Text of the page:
Phil Reese

The biggest #SameSexSunday ever!

Filed By Phil Reese | June 27, 2010 10:00 AM | comments

Filed in: Politics
Tags: Don't Ask Don't Tell, ENDA, media, pride celebrations, Same Sex Sunday, transgender rights, White House Chief of Staff, White House Pride Reception

Happy Pride from Phil Reese and Joe Mirabella on behalf of the SameSexSunday podcast! Download this episode (right click and save)

SAME-SEX-SUNDAYweb.jpgAnd what a podcast Pride brings us! Hopefully you've bookmarked the page, or subscribed to the podcast so you can be in the know too.

We talk to some of our movements' most intriguing and influential voices about The White House, Admiral Mullen and "Don't Ask, Don't Tell," the Employment Non-Discrimination Act, General McChrystal, Rahm Emanuel, the media and where transgender rights stand after two State Department announcements. We also discuss whether Pride is too much party, too much politics or not enough of either.

We're really pleased to announce our first-of-its-kind regular politics round table which will include some of the best minds in our community getting together every week to discuss the most important political stories confronting the LGBT community and movement.

Learn who our panel pool consists of and stream the podcast after the jump!

SameSexSunday is proud to introduce you to our politics panel pool, Phil Attey, Bruce Carroll, Michael Crawford, Chris Geidner, Brad Luna, Yasmin Nair, Cathy Renna, Meghan Stabler, Brett Stout, Andrew Szekeres and Dr. Jillian T Weiss. This week five of our regulars joined us for a wide-ranging discussion that ranged from the silly to the serious!

This week, Phil interviews The Advocate magazine's Chief Washington Correspondent, Kerry Eleveld about Tuesday's White House LGBT Pride Reception, rumors of the departure of Rahm Emmanuel, and General McChrystal's comments about the Commander In Chief's executive branch (read her Advocate piece on the subject here). We also discuss Joint Chief Chair Admiral Mullen's comments on the "Don't Ask, Don't Tell" review process, as well as the Supreme Court's decision on hiding Washington Referendum 71's petitioners' names from Public Record.

Also in interviews, Joe chats with Charlene Strong about what it was like to be mentioned by the President at Tuesday's White House LGBT Pride Reception speech. Joe and Charlene also speak about the documentary "For My Wife" about the death of Charlene's same-sex spouse the influence that story had on the effort to bring Domestic Partnerships to Washington State.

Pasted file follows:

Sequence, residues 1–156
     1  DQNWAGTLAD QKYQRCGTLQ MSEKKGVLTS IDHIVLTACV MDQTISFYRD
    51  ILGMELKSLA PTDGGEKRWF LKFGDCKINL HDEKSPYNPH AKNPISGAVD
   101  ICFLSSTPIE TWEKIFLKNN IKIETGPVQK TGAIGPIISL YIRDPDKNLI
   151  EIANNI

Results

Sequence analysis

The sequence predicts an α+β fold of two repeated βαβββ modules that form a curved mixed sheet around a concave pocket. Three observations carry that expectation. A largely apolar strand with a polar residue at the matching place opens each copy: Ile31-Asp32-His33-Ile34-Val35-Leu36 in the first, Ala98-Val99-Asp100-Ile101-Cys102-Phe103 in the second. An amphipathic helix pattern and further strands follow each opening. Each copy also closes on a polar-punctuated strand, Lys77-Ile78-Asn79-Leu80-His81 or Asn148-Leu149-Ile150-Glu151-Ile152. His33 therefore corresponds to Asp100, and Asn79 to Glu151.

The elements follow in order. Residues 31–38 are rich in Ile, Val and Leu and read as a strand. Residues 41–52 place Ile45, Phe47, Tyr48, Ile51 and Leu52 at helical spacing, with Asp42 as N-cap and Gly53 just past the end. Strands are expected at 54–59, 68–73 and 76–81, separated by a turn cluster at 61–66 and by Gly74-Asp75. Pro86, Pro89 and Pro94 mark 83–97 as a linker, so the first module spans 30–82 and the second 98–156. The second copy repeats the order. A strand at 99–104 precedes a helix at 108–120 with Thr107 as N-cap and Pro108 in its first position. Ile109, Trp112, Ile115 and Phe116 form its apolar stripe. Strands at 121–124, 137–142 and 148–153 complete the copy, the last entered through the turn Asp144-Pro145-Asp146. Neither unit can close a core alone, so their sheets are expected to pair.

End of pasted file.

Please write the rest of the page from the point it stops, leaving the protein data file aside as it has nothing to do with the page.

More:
Then, in our first ever politics round table, Bruce Carroll, Michael Crawford, Chris Geidner, Cathy Renna and Dr. Jillian Weiss join Joe and Phil to discuss the Supreme Court decision on Washington's Referendum 71--Doe V Reed. We also discuss recent changes at Secretary Clinton's State Department involving transgender Americans' passport and employment in that department.

Our round table also debates where we are going with efforts to repeal "Don't Ask, Don't Tell," White House Chief of Staff, Emanuel, Tuesday's White House Pride reception, and the Labor Department's new rules including same-sex partners and LGBT families in the Family and Medical Leave Act. We also talk about the first installment of CNN's Gay in America series, "Gary and Tony have a Baby" with project consultant Cathy Renna, and finally we tackle where we are at on the Employment Non-Discrimination Act.

Finally, Jamie McGonnigal--founder of TalkAboutEquality.org and "Take Back Pride," joins our round table to discuss the state of Pride events today, why we need to bring politics back, and how we can do it!









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You two are doing such a great job!

Joe and Phil:

Your program is much more useful than Signorile's timid, scripted and predictable programs. Having these panels express varying opinions is better than someone pontificating - if you get my "gist." I would encourage your guests to refrain from using the words "right" and "wrong" during these discussions or they'll end up sounding like that other show.

I hope you are able to get more exposure for your program - it's helpful. Not many people can listen to the whole program, so an edited 10-15 minutes may be easier to promote/distribute.

That's good advice, and we'll definitely consider it. We'll be rolling out changes to our format gradually as we learn what works and what does not work.